MTV Networks will abandon its Urge digital music store and instead roll it into RealNetworks' Rhapsody subscription service.
The joint venture of RealNetworks and MTV, the latter a division of entertainment company Viacom, will be known as Rhapsody America, said Van Toffler, the president of MTV Networks. "We are getting together to offer a new digital music experience," Toffler said.
Urge, which was launched with much fanfare as a joint deal between MTV and Microsoft in January 2006, struggled to gain traction against Apple's market-leading iTunes. After Microsoft debuted its Zune music player late last year - along with a Zune-specific store - Urge withered.
"It just didn't seem to be going anywhere," said Josh Bernoff, a Forrester Research analyst. "Not after Microsoft decided to go in another direction with Zune. I think MTV thought, 'Well, if you're gonna go off and do that...'"
Toffler, in fact, was noncommittal about continuing to support Microsoft's music software. "Urge will be on Media Player 11 until further notice," was all he would say in answer to reporters' questions.
MTV and RealNetworks also touted an exclusive deal with mobile carrier Verizon Wireless that will integrate their Rhapsody America with Verizon's existing VCast music service. Toffler and Rob Glaser, president of RealNetworks, however, refused to go public with the financial terms of the Verizon agreement, or the length of the deal.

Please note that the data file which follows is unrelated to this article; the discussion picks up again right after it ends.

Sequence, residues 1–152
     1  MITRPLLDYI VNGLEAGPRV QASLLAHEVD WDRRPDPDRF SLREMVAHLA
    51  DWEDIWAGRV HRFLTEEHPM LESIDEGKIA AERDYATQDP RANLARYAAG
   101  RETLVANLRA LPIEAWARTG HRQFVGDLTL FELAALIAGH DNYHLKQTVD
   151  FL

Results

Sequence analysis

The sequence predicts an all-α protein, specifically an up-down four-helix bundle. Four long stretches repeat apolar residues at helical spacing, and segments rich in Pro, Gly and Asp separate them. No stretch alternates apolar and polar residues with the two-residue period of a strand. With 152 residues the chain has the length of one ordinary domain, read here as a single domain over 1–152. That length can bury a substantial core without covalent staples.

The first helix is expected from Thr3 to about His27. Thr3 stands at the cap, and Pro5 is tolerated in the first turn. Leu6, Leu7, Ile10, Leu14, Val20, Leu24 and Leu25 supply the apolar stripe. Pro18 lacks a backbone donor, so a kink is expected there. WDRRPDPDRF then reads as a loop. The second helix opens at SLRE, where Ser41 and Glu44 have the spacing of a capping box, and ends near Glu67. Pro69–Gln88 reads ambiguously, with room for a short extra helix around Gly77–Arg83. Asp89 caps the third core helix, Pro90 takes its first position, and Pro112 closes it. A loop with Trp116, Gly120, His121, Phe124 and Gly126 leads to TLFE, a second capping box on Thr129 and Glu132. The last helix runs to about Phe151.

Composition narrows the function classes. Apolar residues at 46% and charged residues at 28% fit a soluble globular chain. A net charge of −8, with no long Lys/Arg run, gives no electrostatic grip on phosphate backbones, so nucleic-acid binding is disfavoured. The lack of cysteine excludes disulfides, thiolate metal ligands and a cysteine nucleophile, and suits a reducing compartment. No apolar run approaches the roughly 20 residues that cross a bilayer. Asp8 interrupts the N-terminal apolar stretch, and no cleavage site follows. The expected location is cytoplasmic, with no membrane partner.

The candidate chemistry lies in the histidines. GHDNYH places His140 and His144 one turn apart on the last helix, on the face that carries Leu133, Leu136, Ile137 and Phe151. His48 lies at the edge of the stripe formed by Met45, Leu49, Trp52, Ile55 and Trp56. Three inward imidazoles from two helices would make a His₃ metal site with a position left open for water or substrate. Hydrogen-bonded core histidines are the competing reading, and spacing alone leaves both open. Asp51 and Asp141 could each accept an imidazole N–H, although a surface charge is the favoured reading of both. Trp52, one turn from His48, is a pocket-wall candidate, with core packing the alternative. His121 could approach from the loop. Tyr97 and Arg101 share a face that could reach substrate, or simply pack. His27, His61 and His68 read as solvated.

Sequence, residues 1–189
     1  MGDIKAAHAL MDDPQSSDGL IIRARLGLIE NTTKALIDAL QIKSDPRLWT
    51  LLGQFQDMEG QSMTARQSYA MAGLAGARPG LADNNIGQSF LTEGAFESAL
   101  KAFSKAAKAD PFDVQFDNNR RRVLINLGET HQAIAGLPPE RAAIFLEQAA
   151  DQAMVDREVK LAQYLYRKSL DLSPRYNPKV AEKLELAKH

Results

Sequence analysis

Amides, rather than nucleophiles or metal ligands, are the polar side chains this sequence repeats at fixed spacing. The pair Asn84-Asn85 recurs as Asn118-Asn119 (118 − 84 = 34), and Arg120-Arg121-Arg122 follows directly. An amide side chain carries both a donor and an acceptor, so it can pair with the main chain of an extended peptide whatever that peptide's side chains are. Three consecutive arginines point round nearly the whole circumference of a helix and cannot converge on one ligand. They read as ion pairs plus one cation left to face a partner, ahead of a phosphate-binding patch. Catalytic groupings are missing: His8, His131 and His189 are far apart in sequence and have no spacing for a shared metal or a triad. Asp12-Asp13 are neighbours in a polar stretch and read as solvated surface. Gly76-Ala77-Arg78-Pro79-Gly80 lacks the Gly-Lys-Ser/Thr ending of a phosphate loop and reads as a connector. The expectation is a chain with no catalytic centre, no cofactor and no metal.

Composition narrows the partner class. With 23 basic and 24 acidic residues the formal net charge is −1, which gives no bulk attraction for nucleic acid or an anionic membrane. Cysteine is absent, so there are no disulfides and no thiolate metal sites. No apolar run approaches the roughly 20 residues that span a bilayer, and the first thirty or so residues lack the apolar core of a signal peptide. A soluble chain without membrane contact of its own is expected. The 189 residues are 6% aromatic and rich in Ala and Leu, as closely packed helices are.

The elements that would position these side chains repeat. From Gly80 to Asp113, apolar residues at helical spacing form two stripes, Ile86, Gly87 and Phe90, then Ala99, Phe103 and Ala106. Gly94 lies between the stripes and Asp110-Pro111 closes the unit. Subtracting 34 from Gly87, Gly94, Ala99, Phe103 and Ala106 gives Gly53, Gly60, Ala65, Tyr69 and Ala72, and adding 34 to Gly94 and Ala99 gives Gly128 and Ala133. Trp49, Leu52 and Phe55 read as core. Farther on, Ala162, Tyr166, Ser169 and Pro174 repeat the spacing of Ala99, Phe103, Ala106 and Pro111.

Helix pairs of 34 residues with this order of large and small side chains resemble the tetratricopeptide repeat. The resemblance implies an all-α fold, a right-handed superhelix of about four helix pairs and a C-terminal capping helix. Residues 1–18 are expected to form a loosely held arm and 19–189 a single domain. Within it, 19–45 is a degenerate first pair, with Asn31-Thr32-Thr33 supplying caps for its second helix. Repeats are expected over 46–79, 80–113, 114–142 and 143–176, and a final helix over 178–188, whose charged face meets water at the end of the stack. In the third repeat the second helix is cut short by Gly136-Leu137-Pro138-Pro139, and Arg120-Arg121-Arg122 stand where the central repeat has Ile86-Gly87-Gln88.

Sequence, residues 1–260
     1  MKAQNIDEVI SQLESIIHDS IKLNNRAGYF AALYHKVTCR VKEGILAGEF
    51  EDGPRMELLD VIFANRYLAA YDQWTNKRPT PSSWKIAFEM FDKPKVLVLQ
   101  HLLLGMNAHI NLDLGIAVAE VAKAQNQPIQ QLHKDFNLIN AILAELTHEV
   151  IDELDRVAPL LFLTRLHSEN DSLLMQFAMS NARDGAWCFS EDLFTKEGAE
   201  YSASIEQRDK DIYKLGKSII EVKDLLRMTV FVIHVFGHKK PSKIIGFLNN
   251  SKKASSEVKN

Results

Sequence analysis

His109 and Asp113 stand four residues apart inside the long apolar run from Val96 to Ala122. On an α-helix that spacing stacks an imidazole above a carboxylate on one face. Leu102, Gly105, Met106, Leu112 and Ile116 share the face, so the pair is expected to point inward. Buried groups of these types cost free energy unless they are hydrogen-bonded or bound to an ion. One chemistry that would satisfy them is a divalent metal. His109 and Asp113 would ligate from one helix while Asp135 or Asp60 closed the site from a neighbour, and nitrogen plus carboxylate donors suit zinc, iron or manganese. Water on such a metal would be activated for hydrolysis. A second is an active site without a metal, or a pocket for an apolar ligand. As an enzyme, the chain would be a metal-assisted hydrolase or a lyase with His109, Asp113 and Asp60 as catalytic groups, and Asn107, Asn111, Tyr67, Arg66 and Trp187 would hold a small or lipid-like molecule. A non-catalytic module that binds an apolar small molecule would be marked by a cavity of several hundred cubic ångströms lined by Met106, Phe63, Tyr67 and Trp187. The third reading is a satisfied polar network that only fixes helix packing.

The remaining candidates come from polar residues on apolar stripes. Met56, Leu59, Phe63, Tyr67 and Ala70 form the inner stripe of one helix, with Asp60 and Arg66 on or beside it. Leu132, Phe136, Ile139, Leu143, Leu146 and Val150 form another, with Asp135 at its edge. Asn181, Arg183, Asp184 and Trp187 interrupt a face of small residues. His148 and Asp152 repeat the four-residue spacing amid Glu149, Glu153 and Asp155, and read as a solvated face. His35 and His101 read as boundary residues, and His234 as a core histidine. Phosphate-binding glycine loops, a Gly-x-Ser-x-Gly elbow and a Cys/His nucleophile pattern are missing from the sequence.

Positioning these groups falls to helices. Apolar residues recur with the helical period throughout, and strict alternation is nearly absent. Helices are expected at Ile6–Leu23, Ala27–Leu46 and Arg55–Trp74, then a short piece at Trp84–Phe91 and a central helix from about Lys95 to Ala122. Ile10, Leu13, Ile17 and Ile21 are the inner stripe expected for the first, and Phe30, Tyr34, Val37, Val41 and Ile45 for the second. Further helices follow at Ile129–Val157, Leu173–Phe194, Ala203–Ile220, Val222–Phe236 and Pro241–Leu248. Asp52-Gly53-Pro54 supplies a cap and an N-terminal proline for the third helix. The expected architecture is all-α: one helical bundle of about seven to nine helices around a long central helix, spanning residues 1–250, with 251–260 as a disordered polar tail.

The executives also declined to set a launch date for the new service.
Bernoff said Rhapsody America won't threaten iTunes but noted that it may enable the partners to squeeze a little more market share from Apple's grip. "It's going to take the unlocking of DRM [digital rights management] first of all, to unseat iTunes," he said. "That would uncouple iTunes from the iPod. And then there has to be a device as successful as the iPod waiting. I don't see one yet.
"But this deal should get them a little more market share."
During the call, RealNetworks' Glaser said this year would prove to be a "tipping point" on DRM. On Monday, Glaser's company said it would soon start a six-month trial selling DRM-less tracks from groups signed with Universal Music Group.
"It will be a tipping point," agreed Bernoff, "but not because Glaser said so. DRM just gets in people's way, and it has no benefit to the labels. They're beginning to understand that."
All three of the companies involved in today's pronouncement come out winners, Bernoff said, although "winning" in this case is relative. "It's good for all of them, but what it really means is that it's more likely they can compete against Apple."
Verizon's part in the three-way deal seems the clearest. "This is definitely a move against Apple's iPhone and AT&T," said Bernoff. "This is their iPhone strategy."